• We are planning to install energy-saving occupancy sensors throughout buildings which will result in savings in electricity costs.
  • We are planning the installation of occupancy sensors on lighting in classrooms, hallways, and restrooms. We have completed BAL restrooms. The savings range from 50% reduction in energy depending on location.
  • We are presently using a Chiller Plant to increase cooling efficiency for the new Student Dorms. Energy reduction is estimated to be up to 25%.
  • Old Dominion University Facilities Management has completed 90% of the retrofit to t move the campus lighting from T-12 to T-8 bulbs, as well as replacing incandescent bulbs with CFL. The T-8 system is approximately 50% more efficient and CFL's are approximately 75% more efficient.


  • Facilities participated in an energy demand response program which provided incentive for reducing energy use during peak demand hours.
  • Facilities participation in the program is expected to offset utility cost by more then $35,000.00 in 2010.


  • The level of lighting in Resident Halls is reduced during unoccupied periods (move in /move out) while maintenance is being conducted.
  • Temperatures are adjusted in order to save energy in unoccupied buildings.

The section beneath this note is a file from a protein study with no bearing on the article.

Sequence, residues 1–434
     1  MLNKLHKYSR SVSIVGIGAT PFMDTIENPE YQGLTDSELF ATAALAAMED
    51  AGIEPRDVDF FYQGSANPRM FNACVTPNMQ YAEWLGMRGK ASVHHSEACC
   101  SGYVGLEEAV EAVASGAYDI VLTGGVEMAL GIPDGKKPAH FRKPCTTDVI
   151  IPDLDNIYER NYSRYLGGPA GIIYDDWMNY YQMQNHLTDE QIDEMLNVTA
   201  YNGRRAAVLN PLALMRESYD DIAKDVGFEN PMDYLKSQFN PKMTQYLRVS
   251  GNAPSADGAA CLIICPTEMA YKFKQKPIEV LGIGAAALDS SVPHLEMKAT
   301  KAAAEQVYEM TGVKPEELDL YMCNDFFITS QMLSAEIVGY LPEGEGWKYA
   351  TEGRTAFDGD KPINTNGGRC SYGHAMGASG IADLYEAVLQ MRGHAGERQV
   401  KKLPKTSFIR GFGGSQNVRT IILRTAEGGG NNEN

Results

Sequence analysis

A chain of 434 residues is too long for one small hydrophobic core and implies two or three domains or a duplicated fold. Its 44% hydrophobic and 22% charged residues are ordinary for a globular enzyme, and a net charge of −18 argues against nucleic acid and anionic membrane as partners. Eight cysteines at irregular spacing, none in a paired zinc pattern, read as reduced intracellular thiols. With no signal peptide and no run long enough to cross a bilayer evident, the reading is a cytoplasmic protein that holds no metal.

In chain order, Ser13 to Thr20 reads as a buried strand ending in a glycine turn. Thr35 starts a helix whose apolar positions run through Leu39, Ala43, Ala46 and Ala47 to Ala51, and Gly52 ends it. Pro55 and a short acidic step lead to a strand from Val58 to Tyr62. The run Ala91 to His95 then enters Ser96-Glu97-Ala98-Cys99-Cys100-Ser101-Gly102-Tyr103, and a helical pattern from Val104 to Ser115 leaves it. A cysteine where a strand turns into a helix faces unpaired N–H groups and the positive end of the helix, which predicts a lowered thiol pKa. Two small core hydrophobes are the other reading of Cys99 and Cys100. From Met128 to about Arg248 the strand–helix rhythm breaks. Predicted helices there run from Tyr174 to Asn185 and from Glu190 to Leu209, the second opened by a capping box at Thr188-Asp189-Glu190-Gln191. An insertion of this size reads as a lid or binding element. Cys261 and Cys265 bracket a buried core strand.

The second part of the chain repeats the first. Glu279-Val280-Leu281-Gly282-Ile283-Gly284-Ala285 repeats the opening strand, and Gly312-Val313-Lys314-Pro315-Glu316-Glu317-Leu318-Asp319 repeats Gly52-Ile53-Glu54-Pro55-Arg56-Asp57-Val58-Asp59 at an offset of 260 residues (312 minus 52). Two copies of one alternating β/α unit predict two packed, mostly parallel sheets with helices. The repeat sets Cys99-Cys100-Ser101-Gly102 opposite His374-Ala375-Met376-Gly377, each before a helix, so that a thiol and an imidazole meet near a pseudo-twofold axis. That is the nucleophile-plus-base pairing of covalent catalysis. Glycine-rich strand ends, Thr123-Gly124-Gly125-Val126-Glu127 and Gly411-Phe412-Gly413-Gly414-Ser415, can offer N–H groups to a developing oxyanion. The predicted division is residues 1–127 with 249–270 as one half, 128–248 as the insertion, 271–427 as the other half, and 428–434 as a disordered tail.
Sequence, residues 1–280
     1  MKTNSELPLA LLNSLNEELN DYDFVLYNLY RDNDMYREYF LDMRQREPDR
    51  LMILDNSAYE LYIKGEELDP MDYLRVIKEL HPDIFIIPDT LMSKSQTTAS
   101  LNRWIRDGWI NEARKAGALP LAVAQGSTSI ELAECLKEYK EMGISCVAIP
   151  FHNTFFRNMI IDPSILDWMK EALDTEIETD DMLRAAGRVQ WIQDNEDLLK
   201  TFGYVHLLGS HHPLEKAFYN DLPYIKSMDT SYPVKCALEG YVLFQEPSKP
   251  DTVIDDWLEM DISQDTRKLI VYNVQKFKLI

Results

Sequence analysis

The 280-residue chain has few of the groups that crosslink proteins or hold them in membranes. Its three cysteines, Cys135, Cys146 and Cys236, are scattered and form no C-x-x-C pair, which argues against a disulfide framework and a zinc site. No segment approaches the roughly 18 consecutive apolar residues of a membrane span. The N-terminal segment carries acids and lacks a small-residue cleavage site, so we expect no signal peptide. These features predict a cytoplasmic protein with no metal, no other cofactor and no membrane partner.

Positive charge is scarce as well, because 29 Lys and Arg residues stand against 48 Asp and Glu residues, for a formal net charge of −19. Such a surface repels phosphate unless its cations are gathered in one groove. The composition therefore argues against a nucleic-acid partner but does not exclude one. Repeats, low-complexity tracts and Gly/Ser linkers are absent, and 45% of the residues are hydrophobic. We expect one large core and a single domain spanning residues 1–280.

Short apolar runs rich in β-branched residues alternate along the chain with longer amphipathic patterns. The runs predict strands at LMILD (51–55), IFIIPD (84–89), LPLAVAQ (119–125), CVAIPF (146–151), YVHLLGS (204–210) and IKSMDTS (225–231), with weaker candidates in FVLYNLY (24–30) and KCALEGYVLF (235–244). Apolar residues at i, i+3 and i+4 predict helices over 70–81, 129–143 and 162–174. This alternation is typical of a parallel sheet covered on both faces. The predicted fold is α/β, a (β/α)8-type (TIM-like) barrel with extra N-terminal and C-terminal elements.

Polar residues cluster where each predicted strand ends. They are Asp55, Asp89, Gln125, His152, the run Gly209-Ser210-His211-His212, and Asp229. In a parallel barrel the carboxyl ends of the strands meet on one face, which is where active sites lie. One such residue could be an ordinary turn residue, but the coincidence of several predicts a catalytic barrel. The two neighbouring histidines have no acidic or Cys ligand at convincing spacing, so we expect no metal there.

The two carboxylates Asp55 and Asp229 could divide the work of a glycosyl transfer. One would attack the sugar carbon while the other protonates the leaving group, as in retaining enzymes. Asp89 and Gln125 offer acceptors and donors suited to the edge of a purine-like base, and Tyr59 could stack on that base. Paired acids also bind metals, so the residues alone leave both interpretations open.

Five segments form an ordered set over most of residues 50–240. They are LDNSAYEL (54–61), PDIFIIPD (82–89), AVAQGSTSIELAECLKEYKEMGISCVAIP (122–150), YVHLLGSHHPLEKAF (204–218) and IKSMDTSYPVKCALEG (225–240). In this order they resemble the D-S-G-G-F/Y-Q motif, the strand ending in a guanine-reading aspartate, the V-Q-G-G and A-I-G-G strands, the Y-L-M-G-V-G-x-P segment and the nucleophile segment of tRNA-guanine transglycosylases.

Variable Frequency Drives & Cooling Towers

Old Dominion University Facilities Managements is in the process of updating / replacing cooling towers throughout the campus. One of the ways that we can increase efficiency and lower energy costs in a cooling-tower design is to utilize a variable-frequency drive (VFD) on fan motors. The fan draws ambient air in, pushing/forcing it through the tower and extracts heat from process cooling water.

Applying Variable Frequency Drives (VFD's) on cooling towers reduces energy consumption (lowers utility costs), reduces maintenance requirements (personnel & equipment replacement costs) and process water temperature stabilization are among the benefits.

As part of ODU storm-water management program, the Grounds Division monitors and cleans up trash that falls into the Storm Management Ponds. Safe use algaecides are used during the summer months to maintain algae growth and to keep algae from flowing into the storm drains that empty into our rivers. Establish sub-metering for better management and increased awareness, water is minimized. The University is pursuing initiatives to conserve water and to develop opportunities for storm water management.

We presently have two cisterns located at Foreman Field and the Runte Quad. These cisterns are used to collect rain water from roof tops and parking surfaces and are used to irrigate the landscaping around the stadium and the Runte Quad.

The cistern at the Runte Quad is a 10,000 gallon fiberglass tank, designed to irrigate the approximate 1 acre quad. It collects water from the Scotland House roof. It has a redundant feed from the municipal water system should a drought occur. There is a computerized system that tracks information about collection/usage.

The Grounds Division has established two above ground water collection system that catch water from the rain gutter. This water will be used to water flower pots on campus. There are two in place at this time.